Senior staff at Sheffield’s casualty unit have been increased as hospital bosses tackle fears over night care.
Patients’ groups are concerned over national figures showing that just five accident and emergency units in England employ a consultant to work overnight.
The Patients’ Association charity has called for an end to a ‘nine-to-five’ mentality in the NHS, amid fears that patients are more likely to die in hospital if admitted in the evening or at weekends.
Sheffield Teaching Hospitals, which runs the A&E unit at the Northern General Hospital said it has increased consultants by a third.
Dr David Throssell, trust medical director, said: “Our A&E department does have specialist A&E doctors and nurses present 24 hours a day, seven days a week, to provide assessment, advice and diagnosis for patients.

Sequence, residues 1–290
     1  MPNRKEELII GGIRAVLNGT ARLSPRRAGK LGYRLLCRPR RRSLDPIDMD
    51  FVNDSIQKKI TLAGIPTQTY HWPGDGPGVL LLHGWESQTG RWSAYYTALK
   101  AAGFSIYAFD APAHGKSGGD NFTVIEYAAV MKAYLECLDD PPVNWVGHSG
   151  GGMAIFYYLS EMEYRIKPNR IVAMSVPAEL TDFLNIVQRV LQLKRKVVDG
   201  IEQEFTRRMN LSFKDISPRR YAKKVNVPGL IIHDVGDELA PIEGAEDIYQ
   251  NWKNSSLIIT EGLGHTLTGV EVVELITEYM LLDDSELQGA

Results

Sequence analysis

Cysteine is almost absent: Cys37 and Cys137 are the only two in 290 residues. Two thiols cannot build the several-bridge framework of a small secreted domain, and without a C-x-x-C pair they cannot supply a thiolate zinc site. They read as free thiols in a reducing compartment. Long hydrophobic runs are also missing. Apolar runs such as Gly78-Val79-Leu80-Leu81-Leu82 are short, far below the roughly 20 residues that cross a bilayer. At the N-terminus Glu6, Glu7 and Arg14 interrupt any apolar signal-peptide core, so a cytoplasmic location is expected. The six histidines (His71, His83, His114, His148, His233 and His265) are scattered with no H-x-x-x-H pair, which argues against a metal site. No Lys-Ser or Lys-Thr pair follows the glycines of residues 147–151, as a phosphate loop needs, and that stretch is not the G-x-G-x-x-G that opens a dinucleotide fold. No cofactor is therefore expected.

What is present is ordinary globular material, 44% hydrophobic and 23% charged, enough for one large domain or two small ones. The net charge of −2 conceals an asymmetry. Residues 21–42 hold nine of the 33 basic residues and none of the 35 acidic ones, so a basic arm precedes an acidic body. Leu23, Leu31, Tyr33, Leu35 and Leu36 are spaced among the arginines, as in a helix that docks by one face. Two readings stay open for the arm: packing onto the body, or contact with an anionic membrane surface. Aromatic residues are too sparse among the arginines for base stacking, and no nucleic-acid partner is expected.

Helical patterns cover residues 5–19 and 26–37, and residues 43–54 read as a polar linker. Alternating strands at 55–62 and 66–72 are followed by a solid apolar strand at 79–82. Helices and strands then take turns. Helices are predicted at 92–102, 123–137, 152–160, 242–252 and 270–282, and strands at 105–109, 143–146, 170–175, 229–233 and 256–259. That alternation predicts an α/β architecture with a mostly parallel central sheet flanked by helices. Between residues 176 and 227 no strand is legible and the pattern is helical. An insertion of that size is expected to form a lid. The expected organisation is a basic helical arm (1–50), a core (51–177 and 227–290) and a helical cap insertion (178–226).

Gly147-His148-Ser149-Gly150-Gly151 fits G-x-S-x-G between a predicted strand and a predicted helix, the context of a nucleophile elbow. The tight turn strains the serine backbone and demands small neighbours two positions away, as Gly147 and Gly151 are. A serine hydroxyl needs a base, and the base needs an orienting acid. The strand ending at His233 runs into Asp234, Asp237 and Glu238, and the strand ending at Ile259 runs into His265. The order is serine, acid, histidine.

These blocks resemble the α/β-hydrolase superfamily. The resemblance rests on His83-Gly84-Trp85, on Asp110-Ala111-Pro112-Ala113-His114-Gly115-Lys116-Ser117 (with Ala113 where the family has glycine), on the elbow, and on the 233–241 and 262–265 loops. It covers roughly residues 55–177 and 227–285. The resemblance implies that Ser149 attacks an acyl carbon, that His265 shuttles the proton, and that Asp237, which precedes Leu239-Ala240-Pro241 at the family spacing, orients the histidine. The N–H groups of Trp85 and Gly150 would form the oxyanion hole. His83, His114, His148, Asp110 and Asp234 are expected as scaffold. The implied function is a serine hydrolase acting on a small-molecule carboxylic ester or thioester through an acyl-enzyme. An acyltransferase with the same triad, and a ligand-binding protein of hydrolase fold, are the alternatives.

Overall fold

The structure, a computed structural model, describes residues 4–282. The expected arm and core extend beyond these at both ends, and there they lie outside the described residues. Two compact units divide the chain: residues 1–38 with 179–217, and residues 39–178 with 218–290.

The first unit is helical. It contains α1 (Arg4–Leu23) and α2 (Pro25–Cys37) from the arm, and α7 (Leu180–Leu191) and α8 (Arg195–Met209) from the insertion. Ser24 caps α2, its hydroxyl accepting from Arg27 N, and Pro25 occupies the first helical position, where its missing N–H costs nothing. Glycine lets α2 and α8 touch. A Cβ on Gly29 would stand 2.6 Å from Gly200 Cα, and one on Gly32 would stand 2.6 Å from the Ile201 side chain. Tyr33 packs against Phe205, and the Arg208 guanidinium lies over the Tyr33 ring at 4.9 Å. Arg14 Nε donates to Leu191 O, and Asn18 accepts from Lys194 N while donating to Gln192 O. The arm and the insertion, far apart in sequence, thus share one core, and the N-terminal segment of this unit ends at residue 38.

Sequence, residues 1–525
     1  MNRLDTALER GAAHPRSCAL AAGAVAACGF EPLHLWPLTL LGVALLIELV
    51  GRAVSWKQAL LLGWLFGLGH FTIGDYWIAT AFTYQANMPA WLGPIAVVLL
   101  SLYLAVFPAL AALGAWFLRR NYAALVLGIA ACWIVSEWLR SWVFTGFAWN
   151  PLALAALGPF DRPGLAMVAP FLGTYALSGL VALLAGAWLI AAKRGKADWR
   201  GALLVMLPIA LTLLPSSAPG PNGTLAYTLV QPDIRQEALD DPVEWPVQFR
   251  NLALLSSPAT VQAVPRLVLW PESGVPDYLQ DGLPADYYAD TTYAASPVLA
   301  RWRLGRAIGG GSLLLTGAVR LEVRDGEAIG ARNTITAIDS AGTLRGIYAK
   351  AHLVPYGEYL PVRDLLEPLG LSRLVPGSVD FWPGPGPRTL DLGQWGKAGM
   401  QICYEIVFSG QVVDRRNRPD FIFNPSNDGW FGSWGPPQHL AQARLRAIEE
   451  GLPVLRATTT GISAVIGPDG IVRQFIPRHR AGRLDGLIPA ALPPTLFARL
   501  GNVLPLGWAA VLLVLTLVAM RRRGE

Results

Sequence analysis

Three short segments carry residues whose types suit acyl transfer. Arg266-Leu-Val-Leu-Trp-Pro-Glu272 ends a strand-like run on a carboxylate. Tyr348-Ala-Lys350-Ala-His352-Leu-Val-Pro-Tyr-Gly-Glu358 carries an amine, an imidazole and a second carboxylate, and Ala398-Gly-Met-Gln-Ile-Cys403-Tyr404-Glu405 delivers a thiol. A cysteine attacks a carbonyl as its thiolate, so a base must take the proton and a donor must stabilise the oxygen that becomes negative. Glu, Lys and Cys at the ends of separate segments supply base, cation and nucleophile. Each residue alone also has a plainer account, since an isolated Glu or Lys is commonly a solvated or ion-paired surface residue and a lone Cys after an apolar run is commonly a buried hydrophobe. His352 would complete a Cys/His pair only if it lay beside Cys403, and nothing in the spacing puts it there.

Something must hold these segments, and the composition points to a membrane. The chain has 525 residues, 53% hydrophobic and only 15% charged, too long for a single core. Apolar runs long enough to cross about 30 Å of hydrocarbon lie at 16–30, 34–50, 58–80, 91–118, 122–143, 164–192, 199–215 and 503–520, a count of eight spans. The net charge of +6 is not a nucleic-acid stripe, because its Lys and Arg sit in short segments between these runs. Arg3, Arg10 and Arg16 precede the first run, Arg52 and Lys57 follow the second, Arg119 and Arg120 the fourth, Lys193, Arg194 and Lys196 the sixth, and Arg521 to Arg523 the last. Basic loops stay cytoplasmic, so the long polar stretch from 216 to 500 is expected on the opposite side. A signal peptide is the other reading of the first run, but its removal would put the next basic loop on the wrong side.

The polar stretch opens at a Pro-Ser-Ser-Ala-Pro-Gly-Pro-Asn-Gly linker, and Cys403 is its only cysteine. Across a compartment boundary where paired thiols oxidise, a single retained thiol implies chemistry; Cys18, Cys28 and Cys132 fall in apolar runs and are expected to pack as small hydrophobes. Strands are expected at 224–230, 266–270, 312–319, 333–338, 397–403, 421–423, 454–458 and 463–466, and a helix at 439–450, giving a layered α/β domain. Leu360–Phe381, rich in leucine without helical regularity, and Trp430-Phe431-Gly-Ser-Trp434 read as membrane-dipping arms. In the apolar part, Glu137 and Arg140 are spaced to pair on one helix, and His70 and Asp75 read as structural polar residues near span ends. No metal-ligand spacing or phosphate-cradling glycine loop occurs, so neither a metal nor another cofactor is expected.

“In addition, we have appointed an additional four A&E consultants which will bring the total to 16. This means there will be a minimum of one consultant working alongside the other specialist A&E doctors and nurses 16 hours every day, seven days a week.
“At all other times, a consultant is on standby to immediately return to the A&E department to support the other specialist A&E doctors.
“We also have other senior clinicians, including consultants from specialist areas such as orthopaedics or neurosciences on site at the hospital 24 hours, seven days a week to provide appropriate care for emergency patients.”
Sheffield Brightside and Hillsborough MP David Blunkett called for more cash to make further improvements.
He said: “We’re fortunate in having one of the most efficient accident and emergency facilities in the UK.
“This is presumably why we have not received any of the additional money allocated this last week to those trusts in the main who are providing a less than satisfactory service.
Health Secretary Jeremy Hunt said: “A large portion of this year’s £500 million winter funding will help pay for extended consultant hours.”